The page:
A few weeks ago, as I was going through G's papers in his Take Home Folder, I caught wind of some creative artistic differences he has with her. 

Now, I will not tolerate any sort of derogatory comments regarding his teacher.  NONE.  Why?  First, because she is truly amazing.  Second, because I've heard other kindergarten teachers discuss with their classes what color people or items in a picture should be.  This is not uncommon practice.

What makes a blog post is another page that came home.  Again, it is a dog.  Again, it is creatively colored. 

Attached was a blank copy of the second dot-to-dot. "Why is this here?" inquired G.  "Oh."  he deadpanned.  "It's 'cause I won't color it like a real dog."  I made him connect the dots correctly, then set the blank slate aside for a bit. 

A few days later, I noticed this coloring page, from one of our many coloring books, displayed on his bulletin board.  G keeps only his most important paperwork there: a calendar of February which he keeps forgetting to mark, a photograph he likes, the cover to a packet of construction paper he apparently finds artistic, and the colored puppy.  Note that colored puppy earned a "sticker" on the bottom--care of G. 

During these snow days, I finally convinced G to color the blank slate. 

"I don't want to," he admitted.  "I want to color the dogs rainbow, but there are no rainbow dogs in real life."

I found him photos of rainbow dogs via Google images for "painted poodle".  We even found one with an actual rainbow painted on it.  Then I informed him that the dog had been dyed to look like that.  Truly, I do not know of any rainbow dogs occurring naturally.  I then helped him find the crayons to color the dog like our new puppy, Darla.  Then I had a little discussion with him about how he must do what the teacher asks.  Even if he doesn't agree with her, she is in charge. 

I can't send the new pic to school.  I want to frame all four dog pics and display them in the playroom or my room.  Why?  Because while I believe first and foremost that he must do what the teacher asks,  I also believe my children should be creative.  As a seventh grade English teacher, I constantly prod my students to be creative and I have to constantly remind them that there is not always one right answer.  My hope is that my children abide by authority's rules even if they do question them.  After all, I want them to be productive, employed, law-abiding citizens.  However, I don't want them totally programmed (think Holocaust).  I want them to question, to be creative, and to be content with differences.  Appropriately.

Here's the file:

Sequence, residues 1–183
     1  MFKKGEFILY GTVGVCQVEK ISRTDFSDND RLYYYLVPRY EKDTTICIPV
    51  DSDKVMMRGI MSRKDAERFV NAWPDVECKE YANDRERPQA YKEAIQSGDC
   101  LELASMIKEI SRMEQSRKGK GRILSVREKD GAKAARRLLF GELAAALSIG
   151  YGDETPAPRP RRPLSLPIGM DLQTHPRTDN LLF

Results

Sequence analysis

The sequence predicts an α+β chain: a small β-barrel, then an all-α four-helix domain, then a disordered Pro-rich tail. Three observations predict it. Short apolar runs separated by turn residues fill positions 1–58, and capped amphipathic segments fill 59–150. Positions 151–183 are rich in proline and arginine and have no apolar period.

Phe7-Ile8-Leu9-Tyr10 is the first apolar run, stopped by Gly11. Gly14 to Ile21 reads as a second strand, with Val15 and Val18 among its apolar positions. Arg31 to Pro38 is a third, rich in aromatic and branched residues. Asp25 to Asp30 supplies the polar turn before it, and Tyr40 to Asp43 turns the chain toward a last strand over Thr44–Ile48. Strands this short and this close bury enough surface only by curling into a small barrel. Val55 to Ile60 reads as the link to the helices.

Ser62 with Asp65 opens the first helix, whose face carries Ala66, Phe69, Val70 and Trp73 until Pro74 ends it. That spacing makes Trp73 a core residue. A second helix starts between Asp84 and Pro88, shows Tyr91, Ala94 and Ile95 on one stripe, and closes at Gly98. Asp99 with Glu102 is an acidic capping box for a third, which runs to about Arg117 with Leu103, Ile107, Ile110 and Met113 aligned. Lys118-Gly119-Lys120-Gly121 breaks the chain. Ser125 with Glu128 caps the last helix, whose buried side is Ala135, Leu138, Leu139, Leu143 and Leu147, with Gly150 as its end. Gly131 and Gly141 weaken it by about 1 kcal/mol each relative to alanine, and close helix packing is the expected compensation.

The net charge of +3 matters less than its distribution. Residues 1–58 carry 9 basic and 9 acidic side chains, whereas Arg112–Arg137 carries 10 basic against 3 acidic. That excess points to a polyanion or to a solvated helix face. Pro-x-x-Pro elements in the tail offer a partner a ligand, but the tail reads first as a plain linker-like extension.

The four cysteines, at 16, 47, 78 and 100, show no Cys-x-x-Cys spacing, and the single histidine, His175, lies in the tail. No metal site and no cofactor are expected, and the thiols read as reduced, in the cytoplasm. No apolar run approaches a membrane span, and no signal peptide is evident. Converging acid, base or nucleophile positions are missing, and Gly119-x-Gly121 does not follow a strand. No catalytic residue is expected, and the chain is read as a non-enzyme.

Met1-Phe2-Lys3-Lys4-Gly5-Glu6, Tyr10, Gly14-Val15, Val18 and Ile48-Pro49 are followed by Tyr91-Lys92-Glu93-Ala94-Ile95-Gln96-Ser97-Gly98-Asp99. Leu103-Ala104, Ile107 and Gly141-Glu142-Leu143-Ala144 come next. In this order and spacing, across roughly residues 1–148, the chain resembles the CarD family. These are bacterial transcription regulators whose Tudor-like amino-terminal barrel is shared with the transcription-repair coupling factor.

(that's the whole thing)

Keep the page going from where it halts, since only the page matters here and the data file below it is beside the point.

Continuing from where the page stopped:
Saturday, January 24, 2015

My Dream Guy

My plans as a young woman included marrying Adam Sandler and owning a Jeep Wrangler.  Neither of those plans has been achieved by the letter.  Josh is kind of like a more common, redneck version of Adam. 

Take our skillet, several years ago. Josh was whipping up some gourmet omelets in the kitchen of our starter home, as baby B and I were bonding in the living room.  All of a sudden, I heard some banging, cussing, and stomping.  Josh flew into the living room, threw open the French doors, and slammed the skillet into the side of the deck.  Wham, wham, wham.  "F*** you, Skillet!"  he roared, then stomped back in and slammed the door.  Just in case the skillet was confused, he reopened the door, roared out a definitive, repetitive, "F*** YOU!", then grabbed the skillet and flung it across the back yard.  It pinged off the back fence, then lay lifeless on the grass. 

Sounds a bit like Happy Gilmore, eh? 

Thankfully, like Happy, Josh has matured quite a bit.  Last night, after we'd purchased a shiny new nonstick red skillet for a bargain at Walmart, Josh calmly placed the warped, dinged, old skillet on the back deck for trash sendoff.  We put away all our groceries together then got a good night's rest before waking up to clean the house this morning.